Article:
In 1999, New York Times columnist Bob Herbert wrote a beautiful piece titled “Angela’s Champion.” One of the cases that caught Justice Marks's attention in The New York Law Journal was that of Angela Thompson, who was arrested in 1988 at age 17 for selling two ounces of cocaine to an undercover cop. She had no previous record and was acting at the direction of her uncle and legal guardian, who was a drug dealer. Nevertheless, under the strict terms of the Rockefeller drug laws, Ms. Thompson was sentenced to 15 years to life in prison.  When Judge Marks read about the case he knew it was a case of injustice and immediately began the process of successfully launching a campaign to acquire executive clemency for Angela from former New York Gov. George Pataki.

His close friends called him “The Judge.”  He had a quick wit, even in his late years.  He was also a poet and from time to time, especially in front of an audience; use to love to recite his often political laced poetry.  Political comedian, Randy Credico, who recently ran against Sen. Charles Schumer, and I were honored to have dinner with The Judge every Friday night for years.  We often discussed the concept of justice over a martini and he schooled us well. Credico, in remembering The Judge told me, “Judge Marks used his power to save rather than destroy lives and was the embodiment of the word justice. He was a servant and not the master of concept of justice.  Unlike the men and women who wear robes who hypocritically pass judgment of the poor, the disaffected and the hopeless in the current base, corrupt and Kafkaesque world of criminal justice. Judge Marks served God's natural law rather than man's artificial law”.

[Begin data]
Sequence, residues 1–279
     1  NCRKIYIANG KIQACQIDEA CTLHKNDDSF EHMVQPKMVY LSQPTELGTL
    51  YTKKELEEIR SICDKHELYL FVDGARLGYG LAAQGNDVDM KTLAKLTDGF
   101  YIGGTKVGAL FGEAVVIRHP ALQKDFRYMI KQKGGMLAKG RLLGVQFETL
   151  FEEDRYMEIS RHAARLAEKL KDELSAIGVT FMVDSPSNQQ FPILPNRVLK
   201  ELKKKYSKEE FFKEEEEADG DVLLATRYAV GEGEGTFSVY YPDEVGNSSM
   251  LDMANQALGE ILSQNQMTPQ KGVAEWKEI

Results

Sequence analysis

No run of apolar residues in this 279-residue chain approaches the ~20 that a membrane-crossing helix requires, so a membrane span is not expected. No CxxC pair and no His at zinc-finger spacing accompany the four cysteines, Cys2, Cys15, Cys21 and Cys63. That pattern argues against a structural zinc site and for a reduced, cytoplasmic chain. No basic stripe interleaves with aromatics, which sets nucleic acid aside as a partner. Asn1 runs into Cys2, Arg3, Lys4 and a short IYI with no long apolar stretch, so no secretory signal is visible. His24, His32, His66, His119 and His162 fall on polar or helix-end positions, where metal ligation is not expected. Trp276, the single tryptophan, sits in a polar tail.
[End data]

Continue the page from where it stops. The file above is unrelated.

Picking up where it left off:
Terrance Stevens’ case was another that Judge Marks took on. The Judge helped Stevens, who at the time of his arrest was paralyzed from muscular dystrophy, secure clemency from Gov. Pataki.  But being confined to a wheel chair did not stop the State of New York from sentencing him to 15 years to life. The judge in Stevens’ case did not want to sentence him under the mandatory provisions of the law but he had no choice. While serving his sentence at Green Haven Correctional Facility in Stormville, an article appeared in the NY Times detailing Stevens’ plight.  Judge Marks wrote him and a friendship developed, leading Marks to champion his cause.

 Judge Jerry Marks had a great impact, not only on the people he helped but also the hundreds of lives that were saved through the Rockefeller reforms he advocated for. He is gone but his good deeds as a procurer of justice will let his spirit live on forever.

Judge Marks was the loving husband of Julie and the devoted father of Gail and the late Lorna and dear father-in-law of Neil and Joseph and cherished grandfather of Kyle, Kane and Casey. Funeral services will be held at Frank E. Campbell Funeral Home, 1076 Madison Avenue (81st St. NYC) on 3/13/11/ at 3:30pm.


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LUCY PAPA  1932- 2008


Me and Mom / Sing Sing visiting room 1987